A summary on Recurrent Neural Networks (RNN)

I am working closely on RNNs these days, trying to reveal the ``black box'' and see what RNN learned to use its the hidden states and gates.

After intensively trying to do experiments, I suddenly realize that maybe first analyze them mathematically would give some clues for better visualization

There are already many good articles introducing RNNs and its variants (LSTMs, GRU) on the internet right now. So this is just a post for myself to summarize things up on RNNs.


So first, what is Recurrent Neural Network (RNN)?

In short, RNN is a type of neural network that deal with sequence data. Classical neural networks, e.g. Multi-layer Perceptron (MLP) or Convolutional Neural Network (CNN) takes a fixed sized input an produce a fixed size output. Although for CNNs you can resize images of different size into a standard size so that the model can work with variable size input, but for the CNN part it still only accept fixed sized input. So RNN is a more flexible form of neural networks that kind of extends the computation power of neural networks. Indeed, some research has proofed that RNN is Turing-Complete.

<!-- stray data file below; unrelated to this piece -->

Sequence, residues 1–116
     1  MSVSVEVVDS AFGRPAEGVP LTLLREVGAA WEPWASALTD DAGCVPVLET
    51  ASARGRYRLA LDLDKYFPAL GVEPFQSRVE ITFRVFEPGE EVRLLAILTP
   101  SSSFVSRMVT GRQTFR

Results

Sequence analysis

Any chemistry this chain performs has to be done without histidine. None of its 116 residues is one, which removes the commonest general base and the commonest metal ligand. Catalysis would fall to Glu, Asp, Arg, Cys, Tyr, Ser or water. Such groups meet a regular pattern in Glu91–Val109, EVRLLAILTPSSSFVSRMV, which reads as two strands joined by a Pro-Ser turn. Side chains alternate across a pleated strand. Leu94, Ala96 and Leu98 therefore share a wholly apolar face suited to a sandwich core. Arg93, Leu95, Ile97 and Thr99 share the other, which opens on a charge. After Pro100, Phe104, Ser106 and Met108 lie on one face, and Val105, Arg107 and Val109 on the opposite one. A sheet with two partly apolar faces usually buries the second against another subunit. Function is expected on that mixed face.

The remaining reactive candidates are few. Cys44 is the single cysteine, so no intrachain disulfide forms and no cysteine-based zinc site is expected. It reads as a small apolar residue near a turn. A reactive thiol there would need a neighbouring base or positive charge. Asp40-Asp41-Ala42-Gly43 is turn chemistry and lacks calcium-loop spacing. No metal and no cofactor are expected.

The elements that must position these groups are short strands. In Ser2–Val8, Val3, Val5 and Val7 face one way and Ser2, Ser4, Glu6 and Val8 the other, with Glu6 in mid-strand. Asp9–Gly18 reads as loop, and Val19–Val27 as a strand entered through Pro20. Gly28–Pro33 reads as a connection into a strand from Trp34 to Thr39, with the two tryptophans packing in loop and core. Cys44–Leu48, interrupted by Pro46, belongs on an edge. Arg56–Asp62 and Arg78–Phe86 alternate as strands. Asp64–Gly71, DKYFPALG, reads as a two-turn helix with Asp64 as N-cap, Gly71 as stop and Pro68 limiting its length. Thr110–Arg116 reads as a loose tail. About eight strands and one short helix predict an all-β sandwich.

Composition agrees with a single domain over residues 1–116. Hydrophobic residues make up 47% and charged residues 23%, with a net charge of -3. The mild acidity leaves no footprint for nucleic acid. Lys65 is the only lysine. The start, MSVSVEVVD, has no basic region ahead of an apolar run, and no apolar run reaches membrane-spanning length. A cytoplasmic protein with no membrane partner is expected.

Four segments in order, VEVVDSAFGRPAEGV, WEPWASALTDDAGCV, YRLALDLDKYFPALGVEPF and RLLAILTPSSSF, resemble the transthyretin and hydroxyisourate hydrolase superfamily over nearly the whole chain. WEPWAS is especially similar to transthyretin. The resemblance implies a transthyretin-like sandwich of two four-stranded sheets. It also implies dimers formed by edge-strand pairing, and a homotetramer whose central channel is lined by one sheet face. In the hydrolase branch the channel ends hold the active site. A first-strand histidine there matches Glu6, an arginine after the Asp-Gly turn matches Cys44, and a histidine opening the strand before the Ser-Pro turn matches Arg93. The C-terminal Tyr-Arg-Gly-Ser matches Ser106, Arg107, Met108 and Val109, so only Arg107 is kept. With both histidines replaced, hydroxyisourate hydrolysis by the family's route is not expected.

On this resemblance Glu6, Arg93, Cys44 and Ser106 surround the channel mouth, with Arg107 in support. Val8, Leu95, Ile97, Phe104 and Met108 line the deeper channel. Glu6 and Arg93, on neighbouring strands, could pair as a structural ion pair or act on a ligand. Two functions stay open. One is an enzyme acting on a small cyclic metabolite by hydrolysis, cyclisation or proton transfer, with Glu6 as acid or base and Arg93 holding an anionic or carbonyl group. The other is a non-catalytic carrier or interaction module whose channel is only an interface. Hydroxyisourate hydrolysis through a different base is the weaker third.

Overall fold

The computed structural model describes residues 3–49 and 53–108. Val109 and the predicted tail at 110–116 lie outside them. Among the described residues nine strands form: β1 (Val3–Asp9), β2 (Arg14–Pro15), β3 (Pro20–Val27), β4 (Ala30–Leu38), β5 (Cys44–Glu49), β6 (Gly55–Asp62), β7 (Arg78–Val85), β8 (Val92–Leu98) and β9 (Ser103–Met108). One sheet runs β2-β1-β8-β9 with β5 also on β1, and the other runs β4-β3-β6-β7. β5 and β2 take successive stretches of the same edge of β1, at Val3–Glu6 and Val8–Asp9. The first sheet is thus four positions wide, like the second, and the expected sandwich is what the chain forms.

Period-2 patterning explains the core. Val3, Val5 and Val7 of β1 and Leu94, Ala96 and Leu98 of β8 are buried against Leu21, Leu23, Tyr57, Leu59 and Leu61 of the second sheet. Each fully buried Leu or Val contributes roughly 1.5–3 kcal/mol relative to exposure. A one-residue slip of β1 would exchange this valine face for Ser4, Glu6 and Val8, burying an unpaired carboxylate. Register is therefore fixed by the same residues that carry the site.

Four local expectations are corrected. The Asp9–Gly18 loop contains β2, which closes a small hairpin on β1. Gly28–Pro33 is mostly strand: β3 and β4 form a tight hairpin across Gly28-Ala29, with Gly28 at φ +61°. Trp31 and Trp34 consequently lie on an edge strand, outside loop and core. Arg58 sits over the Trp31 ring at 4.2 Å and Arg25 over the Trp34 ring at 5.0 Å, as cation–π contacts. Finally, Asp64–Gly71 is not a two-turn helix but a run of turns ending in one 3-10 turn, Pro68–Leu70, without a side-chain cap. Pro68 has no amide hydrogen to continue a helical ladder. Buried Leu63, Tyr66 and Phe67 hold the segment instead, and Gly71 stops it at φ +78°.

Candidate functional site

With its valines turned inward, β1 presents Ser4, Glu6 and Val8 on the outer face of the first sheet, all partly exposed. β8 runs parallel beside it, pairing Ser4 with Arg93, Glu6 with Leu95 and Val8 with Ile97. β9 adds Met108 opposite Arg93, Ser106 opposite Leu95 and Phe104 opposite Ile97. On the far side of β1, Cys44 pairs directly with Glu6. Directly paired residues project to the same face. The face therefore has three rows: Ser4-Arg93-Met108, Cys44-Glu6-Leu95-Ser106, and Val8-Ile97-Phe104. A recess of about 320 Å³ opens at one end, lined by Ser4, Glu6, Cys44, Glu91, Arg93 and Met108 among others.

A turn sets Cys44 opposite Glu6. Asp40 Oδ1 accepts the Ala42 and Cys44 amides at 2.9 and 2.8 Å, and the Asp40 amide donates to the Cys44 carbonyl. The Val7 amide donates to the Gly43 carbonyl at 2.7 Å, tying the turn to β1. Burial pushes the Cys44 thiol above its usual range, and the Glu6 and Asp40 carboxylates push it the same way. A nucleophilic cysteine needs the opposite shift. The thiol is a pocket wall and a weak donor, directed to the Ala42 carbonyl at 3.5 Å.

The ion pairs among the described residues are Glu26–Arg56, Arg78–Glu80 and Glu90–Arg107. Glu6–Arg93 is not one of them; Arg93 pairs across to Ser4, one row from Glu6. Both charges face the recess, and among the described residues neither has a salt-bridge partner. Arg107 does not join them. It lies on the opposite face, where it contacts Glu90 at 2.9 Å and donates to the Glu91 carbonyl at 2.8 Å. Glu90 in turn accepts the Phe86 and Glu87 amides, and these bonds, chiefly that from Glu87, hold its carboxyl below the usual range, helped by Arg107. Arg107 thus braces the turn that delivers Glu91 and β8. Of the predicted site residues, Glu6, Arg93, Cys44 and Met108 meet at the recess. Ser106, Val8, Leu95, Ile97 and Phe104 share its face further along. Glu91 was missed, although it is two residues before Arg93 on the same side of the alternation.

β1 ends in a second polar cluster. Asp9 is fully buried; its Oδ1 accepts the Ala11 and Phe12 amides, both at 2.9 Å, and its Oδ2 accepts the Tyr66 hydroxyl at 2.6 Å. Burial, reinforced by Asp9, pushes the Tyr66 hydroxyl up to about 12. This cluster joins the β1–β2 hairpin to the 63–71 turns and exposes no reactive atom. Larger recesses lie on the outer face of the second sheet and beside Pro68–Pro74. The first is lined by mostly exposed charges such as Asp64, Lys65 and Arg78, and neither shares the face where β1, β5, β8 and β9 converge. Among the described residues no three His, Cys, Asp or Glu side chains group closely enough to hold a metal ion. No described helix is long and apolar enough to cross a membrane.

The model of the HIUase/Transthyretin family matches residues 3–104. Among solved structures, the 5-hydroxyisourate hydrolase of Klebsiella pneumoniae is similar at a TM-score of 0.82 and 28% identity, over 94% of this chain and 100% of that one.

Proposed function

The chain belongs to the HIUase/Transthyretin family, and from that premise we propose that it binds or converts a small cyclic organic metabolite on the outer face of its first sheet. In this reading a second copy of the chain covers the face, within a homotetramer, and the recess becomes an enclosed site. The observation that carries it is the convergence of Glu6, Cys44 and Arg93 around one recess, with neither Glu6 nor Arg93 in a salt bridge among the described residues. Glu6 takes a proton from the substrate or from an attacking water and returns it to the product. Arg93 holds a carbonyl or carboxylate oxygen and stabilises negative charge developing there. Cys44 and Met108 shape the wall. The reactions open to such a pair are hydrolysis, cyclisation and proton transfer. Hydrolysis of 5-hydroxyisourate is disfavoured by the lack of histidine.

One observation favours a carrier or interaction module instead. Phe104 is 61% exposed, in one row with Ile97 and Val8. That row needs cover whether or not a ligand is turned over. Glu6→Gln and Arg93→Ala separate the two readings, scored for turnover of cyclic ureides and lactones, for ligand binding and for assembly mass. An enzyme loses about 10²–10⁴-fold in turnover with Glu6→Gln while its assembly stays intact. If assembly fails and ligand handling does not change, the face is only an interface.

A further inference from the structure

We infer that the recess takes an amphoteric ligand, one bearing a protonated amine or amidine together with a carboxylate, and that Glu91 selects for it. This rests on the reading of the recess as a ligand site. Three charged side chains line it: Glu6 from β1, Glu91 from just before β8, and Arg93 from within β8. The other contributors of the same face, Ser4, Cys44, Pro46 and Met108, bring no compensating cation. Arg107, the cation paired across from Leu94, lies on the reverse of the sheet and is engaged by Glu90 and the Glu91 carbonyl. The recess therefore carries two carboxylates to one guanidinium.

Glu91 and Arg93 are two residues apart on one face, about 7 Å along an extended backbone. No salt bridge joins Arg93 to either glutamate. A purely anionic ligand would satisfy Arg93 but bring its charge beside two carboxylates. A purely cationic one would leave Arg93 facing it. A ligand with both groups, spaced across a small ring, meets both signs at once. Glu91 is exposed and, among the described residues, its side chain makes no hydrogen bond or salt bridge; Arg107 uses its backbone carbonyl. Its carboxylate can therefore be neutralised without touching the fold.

Model Definition

Now, let's dive into the detail of how RNN works.

The basic idea that differentiate RNN with CNN or Classical NN is that it introduce information and dependency of precious inputs when predicting output based on the current input. At each time step \(t\), given previous inputs \([x_0, \cdots, x_{t-1}]\) and current input \(x_t\), we can express the output of the model as conditional probability:

\[ P(y_t \mid x_t, x_{t-1}, \cdots, x_0 ) = P (y_t \mid x_t, i_t) \]

where \(i_t\) is the representation of previous information learned by the model.

Vanilla RNN

The simplest version of RNN model the previous information as a vector of hidden states,